Tuesday, August 19, 2008

Season 1 Episode 3
“Family Man”
Written by Daniel Knauf
Directed by Ronny Yu

Now this is more like it. I guess it is true, that the third time’s the charm.

“Family Man” follows the travails of Dennis Mahoney (Eureka’s Colin Ferguson), a church-going, successful bank VP, with everything going for him, including a loving, doting family, who, after a near-fatal accident, finds that he’s switched bodies with Richard Brodigan (Capote’s Clifton Collins, Jr.), the infamous serial killer known as “the Family Man.”

What I feel is the strongest aspect of “Family Man” is the fact that this is a well-written, excellently-acted entry that I don’t think I would have seen on Masters of Horror.
“Family Man” is a psychological thriller that, while admittedly being disturbing and having spots of violence, also succeeds in delving into areas of the genre that don’t rely on on-screen gore or bizarre creature effects to elicit audience reactions.
If Fear Itself means to carve out its own identity removed from MoH, this is definitely a step in the right direction.

And while the body switch is another tried-and-tested notion, what makes “Family Man” work like gangbusters is the noteworthy acting by Collins and Ferguson.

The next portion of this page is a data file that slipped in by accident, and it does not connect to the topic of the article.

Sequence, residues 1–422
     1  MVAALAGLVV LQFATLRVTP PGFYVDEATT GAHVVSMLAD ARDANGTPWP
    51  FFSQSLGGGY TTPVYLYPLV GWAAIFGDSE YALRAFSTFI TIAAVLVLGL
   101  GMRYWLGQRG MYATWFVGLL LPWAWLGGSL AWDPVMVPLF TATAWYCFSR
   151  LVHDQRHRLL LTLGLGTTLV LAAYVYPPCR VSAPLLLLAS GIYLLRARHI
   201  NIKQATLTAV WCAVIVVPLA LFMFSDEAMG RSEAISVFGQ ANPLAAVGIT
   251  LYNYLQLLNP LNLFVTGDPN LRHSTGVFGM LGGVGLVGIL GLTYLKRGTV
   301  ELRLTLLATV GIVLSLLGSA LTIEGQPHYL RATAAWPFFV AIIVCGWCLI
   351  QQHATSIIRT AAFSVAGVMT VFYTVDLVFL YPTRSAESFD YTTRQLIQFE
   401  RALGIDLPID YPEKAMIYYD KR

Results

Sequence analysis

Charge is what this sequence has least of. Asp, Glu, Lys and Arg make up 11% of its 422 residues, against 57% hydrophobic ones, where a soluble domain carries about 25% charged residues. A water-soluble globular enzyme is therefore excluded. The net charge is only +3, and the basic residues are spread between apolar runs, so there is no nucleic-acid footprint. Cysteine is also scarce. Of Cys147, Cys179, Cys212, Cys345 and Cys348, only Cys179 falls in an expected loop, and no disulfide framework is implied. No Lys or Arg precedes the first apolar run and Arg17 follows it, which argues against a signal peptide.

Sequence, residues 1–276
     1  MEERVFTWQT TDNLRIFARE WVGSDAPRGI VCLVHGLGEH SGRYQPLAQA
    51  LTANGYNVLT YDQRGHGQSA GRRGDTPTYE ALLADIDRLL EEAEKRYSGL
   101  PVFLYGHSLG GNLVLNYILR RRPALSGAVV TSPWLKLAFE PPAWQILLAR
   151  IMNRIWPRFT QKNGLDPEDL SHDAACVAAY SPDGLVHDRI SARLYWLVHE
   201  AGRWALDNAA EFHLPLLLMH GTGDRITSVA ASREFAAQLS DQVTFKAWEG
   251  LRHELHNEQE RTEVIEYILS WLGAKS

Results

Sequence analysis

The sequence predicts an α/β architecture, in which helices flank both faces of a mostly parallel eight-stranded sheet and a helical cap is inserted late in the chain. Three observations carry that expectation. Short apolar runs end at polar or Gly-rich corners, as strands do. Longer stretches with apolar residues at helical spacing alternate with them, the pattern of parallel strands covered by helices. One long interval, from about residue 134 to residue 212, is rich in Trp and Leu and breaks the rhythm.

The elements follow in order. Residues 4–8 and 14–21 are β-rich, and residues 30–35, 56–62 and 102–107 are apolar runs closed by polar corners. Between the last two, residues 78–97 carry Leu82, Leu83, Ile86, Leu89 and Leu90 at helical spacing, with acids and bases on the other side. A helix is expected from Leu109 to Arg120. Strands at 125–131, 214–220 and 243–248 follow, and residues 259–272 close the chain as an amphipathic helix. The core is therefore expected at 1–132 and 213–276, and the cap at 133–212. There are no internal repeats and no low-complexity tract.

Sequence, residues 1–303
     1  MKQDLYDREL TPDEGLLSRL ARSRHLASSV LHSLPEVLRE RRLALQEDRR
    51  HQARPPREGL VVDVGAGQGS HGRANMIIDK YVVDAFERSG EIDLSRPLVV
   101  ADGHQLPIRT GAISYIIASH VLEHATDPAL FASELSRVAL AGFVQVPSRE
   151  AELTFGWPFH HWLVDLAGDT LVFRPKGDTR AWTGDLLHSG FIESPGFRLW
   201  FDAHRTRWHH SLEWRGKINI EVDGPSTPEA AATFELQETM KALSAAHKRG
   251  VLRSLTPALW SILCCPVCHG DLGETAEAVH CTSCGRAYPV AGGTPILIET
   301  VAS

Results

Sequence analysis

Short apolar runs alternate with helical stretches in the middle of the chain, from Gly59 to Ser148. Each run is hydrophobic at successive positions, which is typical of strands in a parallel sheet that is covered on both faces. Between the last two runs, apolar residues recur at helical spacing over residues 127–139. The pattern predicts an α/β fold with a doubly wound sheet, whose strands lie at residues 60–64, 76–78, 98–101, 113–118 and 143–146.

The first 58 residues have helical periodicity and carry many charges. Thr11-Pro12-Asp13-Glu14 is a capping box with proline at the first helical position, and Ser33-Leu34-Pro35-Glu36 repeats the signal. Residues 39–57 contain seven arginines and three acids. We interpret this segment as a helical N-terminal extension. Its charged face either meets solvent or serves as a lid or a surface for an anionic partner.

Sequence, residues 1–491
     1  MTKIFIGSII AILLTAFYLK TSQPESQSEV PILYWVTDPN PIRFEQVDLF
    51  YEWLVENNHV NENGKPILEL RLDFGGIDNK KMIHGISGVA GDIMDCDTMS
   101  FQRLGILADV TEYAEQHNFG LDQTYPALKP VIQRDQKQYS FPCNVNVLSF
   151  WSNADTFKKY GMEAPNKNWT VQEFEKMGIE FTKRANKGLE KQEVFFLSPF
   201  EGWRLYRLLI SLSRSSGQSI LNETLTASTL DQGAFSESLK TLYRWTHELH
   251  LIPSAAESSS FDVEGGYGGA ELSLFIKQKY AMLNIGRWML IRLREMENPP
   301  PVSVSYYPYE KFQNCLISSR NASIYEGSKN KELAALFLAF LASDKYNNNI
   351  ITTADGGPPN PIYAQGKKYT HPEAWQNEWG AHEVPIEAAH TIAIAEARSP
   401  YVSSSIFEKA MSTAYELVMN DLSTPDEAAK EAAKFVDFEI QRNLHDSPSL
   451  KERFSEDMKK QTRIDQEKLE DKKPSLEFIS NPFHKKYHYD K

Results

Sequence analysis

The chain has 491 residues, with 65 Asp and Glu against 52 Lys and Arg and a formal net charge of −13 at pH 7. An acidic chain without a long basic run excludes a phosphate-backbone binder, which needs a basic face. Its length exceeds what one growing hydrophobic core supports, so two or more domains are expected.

Since I had already been impressed by Collins’ amazing work on Bennett Miller’s Capote, I expected much from him, and wasn’t disappointed.
The pleasant surprise here was Ferguson, as I wasn’t quite sure if he’d be up to the task. Eureka, after all (and no offense meant), isn’t a vehicle that particularly asks much of its actors.
In “Family Man,” Ferguson plays Brodigan-in-Mahoney’s body as the unstable, potentially abusive spouse, the dinner scene a decidedly unsettling sequence.
I’d perhaps first need to watch all 26 MoH episodes again before making a definitive pronouncement, but I think it’s safe to say “Family Man” boasts some of the best acting in the history of the show (“the show” being Masters of Horror/Fear Itself).

Written by Daniel Knauf (who’s written for Carnivale and Supernatural) and directed by Ronny Yu (whose Bride of Chucky was a thoroughly enjoyable entry in the Child’s Play franchise), “Family Man” is the Fear Itself installment I’ve been waiting for, the one that says this is a show worth your time, a series capable of showcasing horror effectively on the small screen.
And if the show continues on this winning trajectory, it may just serve the cause of horror more potently than MoH’s spotty record did.

(Images courtesy of nbc.com.)

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